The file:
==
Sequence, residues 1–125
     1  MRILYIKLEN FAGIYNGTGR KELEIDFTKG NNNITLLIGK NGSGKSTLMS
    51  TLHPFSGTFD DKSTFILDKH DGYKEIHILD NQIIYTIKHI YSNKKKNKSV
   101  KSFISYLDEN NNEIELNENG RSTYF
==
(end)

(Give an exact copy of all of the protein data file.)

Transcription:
Sequence, residues 1–125
     1  MRILYIKLEN FAGIYNGTGR KELEIDFTKG NNNITLLIGK NGSGKSTLMS
    51  TLHPFSGTFD DKSTFILDKH DGYKEIHILD NQIIYTIKHI YSNKKKNKSV
   101  KSFISYLDEN NNEIELNENG RSTYF